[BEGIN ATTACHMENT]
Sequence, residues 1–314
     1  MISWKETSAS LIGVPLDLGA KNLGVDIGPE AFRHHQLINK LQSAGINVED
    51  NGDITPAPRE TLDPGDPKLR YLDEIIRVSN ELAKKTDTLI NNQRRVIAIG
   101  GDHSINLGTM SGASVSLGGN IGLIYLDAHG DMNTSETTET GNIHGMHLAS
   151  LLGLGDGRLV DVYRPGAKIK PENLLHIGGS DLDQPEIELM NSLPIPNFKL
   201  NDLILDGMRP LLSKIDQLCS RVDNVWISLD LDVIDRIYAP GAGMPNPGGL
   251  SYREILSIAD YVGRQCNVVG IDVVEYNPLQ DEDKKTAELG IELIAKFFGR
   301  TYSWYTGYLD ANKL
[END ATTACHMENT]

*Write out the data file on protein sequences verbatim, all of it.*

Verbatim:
Sequence, residues 1–314
     1  MISWKETSAS LIGVPLDLGA KNLGVDIGPE AFRHHQLINK LQSAGINVED
    51  NGDITPAPRE TLDPGDPKLR YLDEIIRVSN ELAKKTDTLI NNQRRVIAIG
   101  GDHSINLGTM SGASVSLGGN IGLIYLDAHG DMNTSETTET GNIHGMHLAS
   151  LLGLGDGRLV DVYRPGAKIK PENLLHIGGS DLDQPEIELM NSLPIPNFKL
   201  NDLILDGMRP LLSKIDQLCS RVDNVWISLD LDVIDRIYAP GAGMPNPGGL
   251  SYREILSIAD YVGRQCNVVG IDVVEYNPLQ DEDKKTAELG IELIAKFFGR
   301  TYSWYTGYLD ANKL